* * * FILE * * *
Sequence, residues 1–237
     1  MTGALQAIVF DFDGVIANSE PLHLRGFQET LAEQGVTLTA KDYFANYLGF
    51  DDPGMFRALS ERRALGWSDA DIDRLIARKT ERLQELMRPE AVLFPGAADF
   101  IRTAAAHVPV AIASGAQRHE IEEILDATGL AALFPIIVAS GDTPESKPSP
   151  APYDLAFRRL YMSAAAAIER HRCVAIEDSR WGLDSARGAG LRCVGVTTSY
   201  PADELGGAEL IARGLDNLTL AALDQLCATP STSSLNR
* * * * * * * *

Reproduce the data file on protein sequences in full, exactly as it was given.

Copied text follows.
Sequence, residues 1–237
     1  MTGALQAIVF DFDGVIANSE PLHLRGFQET LAEQGVTLTA KDYFANYLGF
    51  DDPGMFRALS ERRALGWSDA DIDRLIARKT ERLQELMRPE AVLFPGAADF
   101  IRTAAAHVPV AIASGAQRHE IEEILDATGL AALFPIIVAS GDTPESKPSP
   151  APYDLAFRRL YMSAAAAIER HRCVAIEDSR WGLDSARGAG LRCVGVTTSY
   201  PADELGGAEL IARGLDNLTL AALDQLCATP STSSLNR